‘Small businesses find it too great a risk to hire the elderly and disabled’

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Never before has the labor market been so tight, but many people are still on the sidelines. According to employers and experts, this cannot be seen separately from the long period in which companies continue to have to pay their sick employees.

The financial risk of hiring people is therefore sometimes too high, they say. It is especially difficult for the elderly and people with a disability to find a job.

Double labor costs

A sick employee will continue to have at least 70 percent pay for a period of two years. “Sometimes people need a little more time to recover,” said Kitty Jong, vice president of the FNV union. “Think, for example, of cancer, but also now with lung covid. You don’t want people to become disabled very quickly.”

Such a long-term sick employee can cost the employer a lot of money. In addition to the continued payment, there must be a temporary replacement – and that means double labor costs.

It is expensive, especially for smaller businesses. Companies can insure against it, but not everyone does it because of the premium cost. Despite the fact that the previous government set aside millions to partially pay this premium, almost a quarter of employers do not have such insurance.

Creative entrepreneurs no longer dare to hire people, they become self-employed.

Henk Grifhorst, store owner

But according to labor market professor Ton Wilthagen, the Netherlands not only has a staff shortage, but also an “inclusion deficit”. “This means that many people are outside the labor market who want and can work. But they are seen as a risk, because if they become ill, the salary must be paid for up to two years.”

“The average labor force participation in the Netherlands is high. But the difference is very large among people with a disability or the elderly. In Scandinavia and Germany, 35 percent more people work in that group than in the Netherlands.”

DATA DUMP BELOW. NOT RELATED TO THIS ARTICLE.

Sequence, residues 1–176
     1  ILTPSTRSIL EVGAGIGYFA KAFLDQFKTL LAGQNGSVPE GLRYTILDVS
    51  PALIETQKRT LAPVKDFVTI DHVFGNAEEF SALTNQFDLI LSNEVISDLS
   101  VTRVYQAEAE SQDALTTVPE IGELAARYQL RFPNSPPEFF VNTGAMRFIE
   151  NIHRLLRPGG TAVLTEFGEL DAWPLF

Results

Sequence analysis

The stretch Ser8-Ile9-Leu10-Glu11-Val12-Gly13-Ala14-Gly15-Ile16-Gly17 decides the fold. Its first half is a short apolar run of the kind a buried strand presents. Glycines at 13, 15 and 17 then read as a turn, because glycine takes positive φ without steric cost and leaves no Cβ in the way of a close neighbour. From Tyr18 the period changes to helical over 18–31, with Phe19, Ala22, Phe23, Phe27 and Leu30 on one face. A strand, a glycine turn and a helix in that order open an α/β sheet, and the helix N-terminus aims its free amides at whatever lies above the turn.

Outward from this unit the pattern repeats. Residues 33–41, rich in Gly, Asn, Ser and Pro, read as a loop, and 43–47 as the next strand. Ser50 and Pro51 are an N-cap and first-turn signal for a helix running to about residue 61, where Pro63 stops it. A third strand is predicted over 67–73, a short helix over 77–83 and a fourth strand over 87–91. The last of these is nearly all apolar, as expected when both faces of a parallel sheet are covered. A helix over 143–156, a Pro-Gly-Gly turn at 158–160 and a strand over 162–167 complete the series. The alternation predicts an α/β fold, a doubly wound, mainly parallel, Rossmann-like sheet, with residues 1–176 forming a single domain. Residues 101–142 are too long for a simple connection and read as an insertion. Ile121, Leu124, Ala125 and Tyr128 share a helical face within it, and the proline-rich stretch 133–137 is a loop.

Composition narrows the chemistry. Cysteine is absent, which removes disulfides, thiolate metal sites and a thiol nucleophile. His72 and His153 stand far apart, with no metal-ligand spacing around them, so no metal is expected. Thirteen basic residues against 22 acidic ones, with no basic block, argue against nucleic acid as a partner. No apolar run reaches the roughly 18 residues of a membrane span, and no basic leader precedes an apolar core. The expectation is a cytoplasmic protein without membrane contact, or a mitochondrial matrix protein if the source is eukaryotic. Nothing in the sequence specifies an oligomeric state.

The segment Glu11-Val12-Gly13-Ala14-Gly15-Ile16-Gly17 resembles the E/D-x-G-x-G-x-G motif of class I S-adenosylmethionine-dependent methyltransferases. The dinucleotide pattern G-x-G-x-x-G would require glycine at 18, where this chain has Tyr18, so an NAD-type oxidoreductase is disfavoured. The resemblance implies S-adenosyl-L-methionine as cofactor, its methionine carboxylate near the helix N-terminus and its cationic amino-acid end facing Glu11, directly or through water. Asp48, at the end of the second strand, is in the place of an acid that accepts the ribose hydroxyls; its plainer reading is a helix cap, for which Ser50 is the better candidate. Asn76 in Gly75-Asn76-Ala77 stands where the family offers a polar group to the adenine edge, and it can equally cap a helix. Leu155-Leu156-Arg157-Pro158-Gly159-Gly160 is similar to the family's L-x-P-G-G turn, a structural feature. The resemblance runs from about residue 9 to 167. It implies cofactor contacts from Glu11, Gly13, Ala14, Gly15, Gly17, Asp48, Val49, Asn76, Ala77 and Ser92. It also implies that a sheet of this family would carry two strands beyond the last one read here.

ruthless behavior

Henk Grifhorst owns a children’s clothing store in Amsterdam and has for years fought against the rules for continued payment of wages. “I once had an employee get a tattoo in a place where the sun doesn’t shine,” he says. “He got sick for a long time, and I’m responsible for that. While the insurance company says: it’s reckless behavior. It does not pay off. Why should entrepreneurs do it?”

Kristel Groenenboom, owner of a container company, also sees the rules as a big burden. “Building containers is physically demanding work. We have an absence of 8 to 10 percent. And long-term illness costs a lot of money. If someone is out for two years, it can cost between 150,000 and 200,000 euros.”

I’m not going to block the highway with containers, but I find that frustrating.

Kristel Groenenboom, owner of container company

The law regulating long-term pay in the event of illness was passed in 2004. The Netherlands is world champions with continued pay payments for 104 weeks; in Germany it is six weeks, in Belgium 30 days. Thereafter, sick workers in these countries receive compensation from a collective benefit.

‘Let society pay’

Store owner Grifhorst is now working with CDA on a bill to regulate that small entrepreneurs are no longer responsible for the salaries of employees who have become ill due to ruthlessness. “Creative entrepreneurs no longer dare to hire people, they become self-employed. Small and medium-sized businesses are already going through a difficult period, it only makes things worse.”

Professor Wilthagen wants the period for all employees on sick leave to be shorter. “Society must then step in to ensure that everyone can return to work.”

Get long sick leave

They do not agree with the trade union FNV. Vice President Jong: “As an employer, you should present yourself as someone who likes to invest in your employees who are committed to recovering time for a sick employee. Look at how many people are coming to you.”

Jong points out that only 1.5 percent of all sick leave lasts longer than four months. In addition, she stresses, employers can claim subsidies to employ people with disabilities.

But for entrepreneur Groenenboom, the financial barrier is still too great. “It’s very sad,” says Groenenboom. “I do not intend to block the motorway with containers, but I find it frustrating.”

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